Q&A: Faculty Affiliate Looks for Real World Applications
Tuesday, November 26, 2019
with Andy Grogan-Kaylor
Q & A
with Andy Grogan-Kaylor
Andy Grogan-Kaylor is a research fellow on WDI’s Performance Measurement & Improvement (PMI) team where he contributes to the research design, the design of data collection instruments and also leads the analysis of PMI projects. WDI has worked with Grogan-Kaylor since 2008, starting with a project to assess the multidimensional impact on low-income consumers of eyeglasses. He contributed to a series of WDI-led impact assessment workshops, and worked with PMI on a project measuring the impact of formal sector employment with training and benefits targeting low-income women in Mexico City. He currently is working with PMI to assess the impact of an innovative virtual exchange course with students in the U.S. and MENA regions.
WDI: How did you get interested in this field of study?
Andy Grogan-Kaylor: There are probably two big reasons in my background that I became interested in this kind of work. First of all, I grew up in Madison, Wisconsin, home to the University of Wisconsin, which has a longstanding tradition of working on international research and international development. Many of my friends’ parents did international work, and I suppose that influenced me from very early on. Second, after I completed my undergraduate degree, I had the opportunity to serve as a Peace Corps volunteer, living and working for two years in the Upper East Region of Ghana. That experience only deepened my interest in, and commitment to, international and development work.
WDI: How did you first come to work with WDI?
Grogan-Kaylor: By chance really. A graduate student who was working with WDI, but also getting a degree in the School of Social Work, stopped by my office to ask some methodological questions. That conversation led to a larger conversation about the kind of projects that WDI works on. I expressed a lot of interest in the work of WDI. One thing led to another, and I’ve been lucky enough to work with the great WDI Performance Measurement and Improvement team for about a decade on a number of projects.
“WDI’s PMI team is one of the most talented, most collaborative and most friendly teams I have ever had the pleasure to work with. So I’m always grateful for the opportunity to collaborate with them on problems and issues where the direct real world application is very clear.”
WDI: What about this current project (Business and Culture Impact Assessment) intrigued you to agree to partner with working with the PMI team?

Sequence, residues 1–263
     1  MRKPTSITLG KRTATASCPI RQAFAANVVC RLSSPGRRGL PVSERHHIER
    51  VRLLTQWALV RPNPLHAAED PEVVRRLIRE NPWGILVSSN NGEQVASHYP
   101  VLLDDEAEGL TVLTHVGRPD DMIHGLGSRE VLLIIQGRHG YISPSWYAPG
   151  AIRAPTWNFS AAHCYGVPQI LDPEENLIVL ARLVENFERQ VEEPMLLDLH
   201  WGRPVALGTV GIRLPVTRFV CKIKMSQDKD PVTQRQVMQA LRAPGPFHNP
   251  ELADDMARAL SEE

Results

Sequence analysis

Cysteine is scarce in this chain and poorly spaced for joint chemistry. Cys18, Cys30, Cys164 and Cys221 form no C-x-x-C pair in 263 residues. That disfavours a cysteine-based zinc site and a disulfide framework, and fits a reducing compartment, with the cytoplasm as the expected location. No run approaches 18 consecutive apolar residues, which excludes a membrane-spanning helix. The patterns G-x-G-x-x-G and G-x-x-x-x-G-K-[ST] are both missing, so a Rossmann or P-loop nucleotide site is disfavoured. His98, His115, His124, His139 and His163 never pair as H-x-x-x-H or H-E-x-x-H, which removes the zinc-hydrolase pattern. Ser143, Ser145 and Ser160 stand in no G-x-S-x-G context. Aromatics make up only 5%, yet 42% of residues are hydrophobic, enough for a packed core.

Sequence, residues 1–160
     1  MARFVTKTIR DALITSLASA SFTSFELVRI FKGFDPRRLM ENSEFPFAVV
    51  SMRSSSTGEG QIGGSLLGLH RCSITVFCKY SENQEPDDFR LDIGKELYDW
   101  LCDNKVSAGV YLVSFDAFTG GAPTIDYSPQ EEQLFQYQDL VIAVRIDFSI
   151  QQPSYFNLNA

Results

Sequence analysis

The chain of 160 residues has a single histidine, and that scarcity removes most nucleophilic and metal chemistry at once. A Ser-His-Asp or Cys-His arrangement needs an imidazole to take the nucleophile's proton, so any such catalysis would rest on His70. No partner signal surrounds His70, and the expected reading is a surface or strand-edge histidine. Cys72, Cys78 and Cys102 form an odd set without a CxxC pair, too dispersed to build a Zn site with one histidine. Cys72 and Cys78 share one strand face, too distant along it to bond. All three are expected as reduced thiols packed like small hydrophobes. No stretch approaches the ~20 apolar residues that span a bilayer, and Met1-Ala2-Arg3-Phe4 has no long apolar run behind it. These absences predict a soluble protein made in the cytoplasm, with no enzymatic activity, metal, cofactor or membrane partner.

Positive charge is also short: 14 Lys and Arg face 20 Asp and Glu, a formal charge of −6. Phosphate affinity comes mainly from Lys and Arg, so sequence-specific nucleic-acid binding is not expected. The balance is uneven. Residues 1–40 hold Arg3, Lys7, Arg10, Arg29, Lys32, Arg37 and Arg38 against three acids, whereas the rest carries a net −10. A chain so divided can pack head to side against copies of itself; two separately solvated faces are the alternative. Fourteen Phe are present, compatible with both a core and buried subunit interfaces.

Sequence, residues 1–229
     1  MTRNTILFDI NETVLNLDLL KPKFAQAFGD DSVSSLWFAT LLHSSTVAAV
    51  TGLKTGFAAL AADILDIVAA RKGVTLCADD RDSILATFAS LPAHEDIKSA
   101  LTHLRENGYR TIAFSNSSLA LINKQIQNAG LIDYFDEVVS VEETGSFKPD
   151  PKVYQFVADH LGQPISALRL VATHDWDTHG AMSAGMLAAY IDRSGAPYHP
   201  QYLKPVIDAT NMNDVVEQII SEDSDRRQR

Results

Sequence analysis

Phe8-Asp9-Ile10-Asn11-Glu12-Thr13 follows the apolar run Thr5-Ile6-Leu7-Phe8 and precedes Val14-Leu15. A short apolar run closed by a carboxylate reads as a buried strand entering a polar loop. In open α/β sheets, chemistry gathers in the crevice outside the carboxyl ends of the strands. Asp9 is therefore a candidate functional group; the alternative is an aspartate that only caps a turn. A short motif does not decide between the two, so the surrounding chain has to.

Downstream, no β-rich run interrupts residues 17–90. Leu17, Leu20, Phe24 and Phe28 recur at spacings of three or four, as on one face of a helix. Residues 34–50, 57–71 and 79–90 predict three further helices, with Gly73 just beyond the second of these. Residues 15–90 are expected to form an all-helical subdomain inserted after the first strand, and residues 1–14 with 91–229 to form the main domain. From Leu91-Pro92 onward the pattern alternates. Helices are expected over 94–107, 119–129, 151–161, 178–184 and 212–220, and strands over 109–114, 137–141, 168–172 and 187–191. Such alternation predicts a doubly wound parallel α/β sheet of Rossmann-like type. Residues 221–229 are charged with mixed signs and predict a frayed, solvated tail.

Grogan-Kaylor: I always try to work on social issues that have real world applications. But a lot of my research (which I still consider very valuable) is more “basic science” – trying to understand the interplay of parenting and child development across cultures (e.g. here and here). While this has been my primary focus, I also have done some work in pretty eclectic and diverse areas. And I can be convinced to work on almost any kind of program evaluation or social research problem if I’m working with bright, talented, friendly people. WDI’s PMI team is one of the most talented, most collaborative and most friendly teams I have ever had the pleasure to work with. So I’m always grateful for the opportunity to collaborate with them on problems and issues where the direct real world application is very clear.
WDI: You mention “direct real-world application.” Can you briefly explain what that means, and why it is valuable and interesting to you?
Grogan-Kaylor: A lot of the work that I do is trying to understand how family and parenting processes play out. For example, I’ve done a lot of work on the effects of physical punishment, conducting research that shows that physical punishment has an undesirable effect on child behavior and child mental health. That kind of research is very important, and can ultimately have an effect on programs and policies, but it can take a long time. Every project I’ve worked on with WDI has been an evaluation of the effects of a particular program, or in the case of the Business and Culture Impact Assessment, a course, so the real world application is a lot more clear.
WDI: What career advice would you give graduate students interested in your field?
Grogan-Kaylor: I think that we all have that “inner voice” that tells us what we are passionate about, or the social problems that we are motivated to work on. I try to tell all of the graduate students with whom I work to try to stay true to those ideas and issues that you feel passionate about. Academic work on social issues and social problems is very, very challenging, and takes a lot of hard work. To keep moving forward, you need to stay true to that voice inside you that tells you what are the most pressing issues that you in particular feel called to work upon.
Grogan-Kaylor also is a professor of Social Work at the University of Michigan’s School of Social Work. His current research focuses on the way in which parenting behaviors, like the use of physical punishment, or parental expressions of emotional warmth, have an effect on child outcomes like aggression, antisocial behavior, anxiety and depression, and how these dynamics play out across contexts, neighborhoods, and cultures.